Mobile Procurement and the Interior Designer

- July 11, 2014 8:17 AM
Categories: Guest Post | Tags:

Spend Matters welcomes another guest post from Ivy Montgomery of Vroozi. Back in January, Jason Busch challenged Vroozi to come up with fifty real-life use cases for mobile procurement. This is an ongoing series.

From an early age, Eugene has been highly interested in interior design and never had any other ambition in life but to work as a professional interior designer. Once he found himself doing a walkthrough with a young couple, Eleanor and David. Eleanor and David were recently engaged and had just purchased a new home. The couple had a few ideas in mind for decorating their newly acquired home, but they asked Eugene to help them round it out and make their vision a reality.

Eleanor and David chose Eugene partly based on reputation (friends of theirs recommended him) and partly because his web listings gave them the impression that Eugene was young, hip, and technologically-savvy, the same way the couple viewed themselves. The two were of the opinion that finding an interior designer who could communicate with them on their own level would produce the best results in bringing their ideas to life. This hunch would later pay off, both visually and financially.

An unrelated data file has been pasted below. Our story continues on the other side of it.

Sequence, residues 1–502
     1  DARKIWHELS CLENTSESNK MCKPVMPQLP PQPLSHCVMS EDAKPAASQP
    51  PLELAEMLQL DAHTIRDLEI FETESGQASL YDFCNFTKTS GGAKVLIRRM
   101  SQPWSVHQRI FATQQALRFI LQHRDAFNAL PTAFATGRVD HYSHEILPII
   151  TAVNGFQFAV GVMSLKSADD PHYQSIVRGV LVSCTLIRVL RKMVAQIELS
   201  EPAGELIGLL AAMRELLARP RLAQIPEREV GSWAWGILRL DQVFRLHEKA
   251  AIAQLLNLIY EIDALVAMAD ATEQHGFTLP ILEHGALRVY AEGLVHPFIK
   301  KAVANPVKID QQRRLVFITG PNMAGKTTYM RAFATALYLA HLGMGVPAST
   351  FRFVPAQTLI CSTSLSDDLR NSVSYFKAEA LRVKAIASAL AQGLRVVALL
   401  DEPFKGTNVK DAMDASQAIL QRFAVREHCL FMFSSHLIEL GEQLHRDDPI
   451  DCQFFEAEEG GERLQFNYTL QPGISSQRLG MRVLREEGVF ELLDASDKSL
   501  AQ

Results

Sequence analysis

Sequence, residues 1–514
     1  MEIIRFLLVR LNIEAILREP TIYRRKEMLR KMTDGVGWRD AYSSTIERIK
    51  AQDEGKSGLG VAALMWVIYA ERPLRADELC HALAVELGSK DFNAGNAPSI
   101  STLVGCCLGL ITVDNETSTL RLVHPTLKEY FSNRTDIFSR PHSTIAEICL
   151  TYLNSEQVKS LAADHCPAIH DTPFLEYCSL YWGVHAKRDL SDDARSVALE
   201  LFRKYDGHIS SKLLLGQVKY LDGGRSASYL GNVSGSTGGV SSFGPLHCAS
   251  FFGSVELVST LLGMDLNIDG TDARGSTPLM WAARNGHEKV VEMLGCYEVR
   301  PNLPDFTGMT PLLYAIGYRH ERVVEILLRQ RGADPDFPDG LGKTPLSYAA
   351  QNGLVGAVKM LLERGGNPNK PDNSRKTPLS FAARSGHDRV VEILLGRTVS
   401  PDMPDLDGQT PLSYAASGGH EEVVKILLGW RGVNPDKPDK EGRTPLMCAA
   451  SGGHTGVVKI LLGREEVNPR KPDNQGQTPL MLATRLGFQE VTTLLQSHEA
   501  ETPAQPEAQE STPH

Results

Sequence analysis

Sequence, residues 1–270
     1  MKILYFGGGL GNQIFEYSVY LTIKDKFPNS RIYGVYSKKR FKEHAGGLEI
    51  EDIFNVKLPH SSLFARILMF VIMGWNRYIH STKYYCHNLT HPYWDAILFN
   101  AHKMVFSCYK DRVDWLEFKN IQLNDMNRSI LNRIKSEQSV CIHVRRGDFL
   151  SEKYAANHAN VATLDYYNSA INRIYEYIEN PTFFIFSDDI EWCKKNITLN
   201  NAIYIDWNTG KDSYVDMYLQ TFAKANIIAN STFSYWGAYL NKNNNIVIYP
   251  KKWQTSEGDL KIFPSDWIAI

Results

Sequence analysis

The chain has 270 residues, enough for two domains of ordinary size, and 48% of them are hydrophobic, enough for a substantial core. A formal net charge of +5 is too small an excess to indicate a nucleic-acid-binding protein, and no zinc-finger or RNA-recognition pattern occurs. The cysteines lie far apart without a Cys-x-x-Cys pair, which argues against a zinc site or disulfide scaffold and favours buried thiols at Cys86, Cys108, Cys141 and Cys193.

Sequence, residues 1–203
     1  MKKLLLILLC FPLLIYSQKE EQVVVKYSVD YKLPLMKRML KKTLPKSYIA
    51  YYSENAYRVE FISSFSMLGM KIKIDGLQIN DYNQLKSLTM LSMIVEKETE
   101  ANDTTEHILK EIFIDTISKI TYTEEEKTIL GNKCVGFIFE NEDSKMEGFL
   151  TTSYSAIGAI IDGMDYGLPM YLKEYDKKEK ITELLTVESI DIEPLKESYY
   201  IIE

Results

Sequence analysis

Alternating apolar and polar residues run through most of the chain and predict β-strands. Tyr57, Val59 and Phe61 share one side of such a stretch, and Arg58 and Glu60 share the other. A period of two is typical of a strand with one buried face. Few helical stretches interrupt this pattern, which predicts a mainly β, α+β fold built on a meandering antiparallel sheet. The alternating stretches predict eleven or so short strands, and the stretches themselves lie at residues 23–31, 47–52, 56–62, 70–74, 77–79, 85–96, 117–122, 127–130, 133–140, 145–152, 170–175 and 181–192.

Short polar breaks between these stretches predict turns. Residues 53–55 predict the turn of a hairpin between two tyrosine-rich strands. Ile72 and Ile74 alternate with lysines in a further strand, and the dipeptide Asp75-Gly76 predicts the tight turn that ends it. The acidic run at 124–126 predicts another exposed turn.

As Eugene and the young couple strolled through the empty house, they went through everything from the floor plan to paint colors. While Eleanor and David presented their ideas for each room, Eugene was diligently entering all of this information into the mobile procurement platform on his tablet.

With mobile procurement, Eugene can input all of the varied furnishings and finishes that Eleanor and David request into a single platform to help them determine the most cost-efficient way to proceed with ordering. The mobile procurement platform allowed Eugene to filter all of these items into requests from multiple suppliers, all of which he has pre-approved. This way, he can best group things into orders that maximize supplier discounts and minimize shipping costs.

When the trio reached the kitchen, Eleanor and David explain to Eugene that they would like cherry wood cabinets and a granite countertop. At first blush, Eugene alerted the couple that ordering these two pricy finishes may push them over their self-imposed budget. As Eleanor and David began to explain how much they had their hearts set on both, Eugene asked for some time to think of a solution.

Sure enough, Eugene was able to add the cherry wood cabinet and granite countertop requests into a purchase order he has started with a vendor on various other items they’ve requested, pushing them into the supplier’s bulk-order tier where they can be offered a 15-percent discount on the entire order.

Within an hour, Eugene was able to procure for Eleanor and David all of the designs they requested for turning their newly purchased house into a home. Eugene was ecstatic to have completed another successful transaction, making people happy and doing what he loves.

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